Source 1: Extract from a letter to the English government (SP94/3 f.227r)
Source 2: Report from Admiral of the English fleet (SP12/212 f.167)
Source 3: Letter from John Hawkins to Sir Francis Walsingham (SP12/213 ff.164-5)
Source 4: A Spanish captain’s account of events (SP63/137 f.5)
1. Hold a Privy Council meeting to give Elizabeth advice on:
- how to get sufficient supplies to the ships
- where the army should meet
- how to arrange sufficient food etc. to keep the army supplied
- how to get news of the invasion from the coast to London
- what to do about English Catholics
2. Draw or list items which could be included in a painting of Elizabeth intended to commemorate the English victory and explain the symbolism of each item. This could then be compared with the Armada portrait by George Gower.
3. Draw a strip cartoon showing at least four key events, e.g:
- the first sighting of the Armada
- the English sailing behind the Armada in its strong crescent formation
- the use of fireships
- the battle at Gravelines
- the Spanish sailing towards Scotland
- Spanish ships being shipwrecked on the coast of Ireland
4. After such a clear failure, when fewer than half the ships managed to get back to Spain, why did Philip send other armadas against England?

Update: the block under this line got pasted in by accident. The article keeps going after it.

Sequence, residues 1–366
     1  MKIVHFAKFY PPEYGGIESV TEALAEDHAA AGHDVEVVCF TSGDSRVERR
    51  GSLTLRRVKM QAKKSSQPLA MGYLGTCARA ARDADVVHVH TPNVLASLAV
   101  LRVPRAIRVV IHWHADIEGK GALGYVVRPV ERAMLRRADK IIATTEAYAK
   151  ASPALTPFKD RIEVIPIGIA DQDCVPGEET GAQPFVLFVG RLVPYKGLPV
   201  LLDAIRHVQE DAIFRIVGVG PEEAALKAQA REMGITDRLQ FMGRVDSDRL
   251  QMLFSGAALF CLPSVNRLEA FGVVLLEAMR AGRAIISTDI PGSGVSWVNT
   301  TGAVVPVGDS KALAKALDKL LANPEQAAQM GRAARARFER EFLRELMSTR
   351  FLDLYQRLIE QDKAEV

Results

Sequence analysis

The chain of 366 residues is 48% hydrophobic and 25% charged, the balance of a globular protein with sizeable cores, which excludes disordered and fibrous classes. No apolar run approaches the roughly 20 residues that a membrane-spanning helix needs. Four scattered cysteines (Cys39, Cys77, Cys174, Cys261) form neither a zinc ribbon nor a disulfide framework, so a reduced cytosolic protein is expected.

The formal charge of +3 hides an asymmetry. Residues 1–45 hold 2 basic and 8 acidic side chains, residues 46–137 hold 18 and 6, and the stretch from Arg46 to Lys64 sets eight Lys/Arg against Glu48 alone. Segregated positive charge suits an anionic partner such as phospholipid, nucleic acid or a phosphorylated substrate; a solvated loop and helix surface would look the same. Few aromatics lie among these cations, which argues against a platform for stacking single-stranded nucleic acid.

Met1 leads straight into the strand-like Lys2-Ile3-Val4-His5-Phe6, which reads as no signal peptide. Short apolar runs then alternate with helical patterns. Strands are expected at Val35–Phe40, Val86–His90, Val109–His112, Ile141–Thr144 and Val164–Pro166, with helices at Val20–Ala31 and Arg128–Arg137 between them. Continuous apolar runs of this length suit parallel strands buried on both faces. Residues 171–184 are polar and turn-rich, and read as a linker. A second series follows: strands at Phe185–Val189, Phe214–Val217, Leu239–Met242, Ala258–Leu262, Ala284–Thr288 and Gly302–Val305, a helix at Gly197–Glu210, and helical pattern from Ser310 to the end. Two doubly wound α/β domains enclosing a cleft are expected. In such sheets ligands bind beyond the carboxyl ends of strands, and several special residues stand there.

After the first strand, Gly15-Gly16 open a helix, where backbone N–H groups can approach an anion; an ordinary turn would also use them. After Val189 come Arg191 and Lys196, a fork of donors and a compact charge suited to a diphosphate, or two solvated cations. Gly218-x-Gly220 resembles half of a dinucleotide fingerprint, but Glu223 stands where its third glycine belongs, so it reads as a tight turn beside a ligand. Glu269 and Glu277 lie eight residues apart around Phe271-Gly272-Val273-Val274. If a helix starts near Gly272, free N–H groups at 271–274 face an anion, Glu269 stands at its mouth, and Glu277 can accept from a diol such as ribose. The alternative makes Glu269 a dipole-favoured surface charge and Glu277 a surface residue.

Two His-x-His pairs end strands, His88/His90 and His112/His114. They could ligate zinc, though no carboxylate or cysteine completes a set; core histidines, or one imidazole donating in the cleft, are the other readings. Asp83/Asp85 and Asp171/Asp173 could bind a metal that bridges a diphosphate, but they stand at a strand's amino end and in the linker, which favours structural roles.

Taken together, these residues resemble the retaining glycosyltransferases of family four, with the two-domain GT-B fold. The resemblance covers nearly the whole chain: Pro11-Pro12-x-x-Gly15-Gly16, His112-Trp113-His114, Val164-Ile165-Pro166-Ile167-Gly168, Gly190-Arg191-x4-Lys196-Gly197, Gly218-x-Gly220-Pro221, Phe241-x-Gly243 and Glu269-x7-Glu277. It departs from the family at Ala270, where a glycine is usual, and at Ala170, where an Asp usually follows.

5. As the English troops waited at Tilbury to fight against an invasion, Elizabeth made a famous speech in which she said that even if she was a weak and feeble woman, the fact that she was the ruler of England made her strong. Do you think a female ruler would have been at a disadvantage if the invasion had taken place?
6. Find the text of Elizabeth’s speech at Tilbury and write it out in modern English.
7. Write a newspaper report on the invasion of the Spanish Armada explaining the reasons for the Spanish defeat.
See a timeline of the Armada’s key events below.
Elizabeth I and the Spanish Armada
In this resource, you can explore the question: ‘why did the English fleet defeat the Spanish Armada’? Consider the different historical interpretations and look at some contemporary images and documents from the British Library and other sources.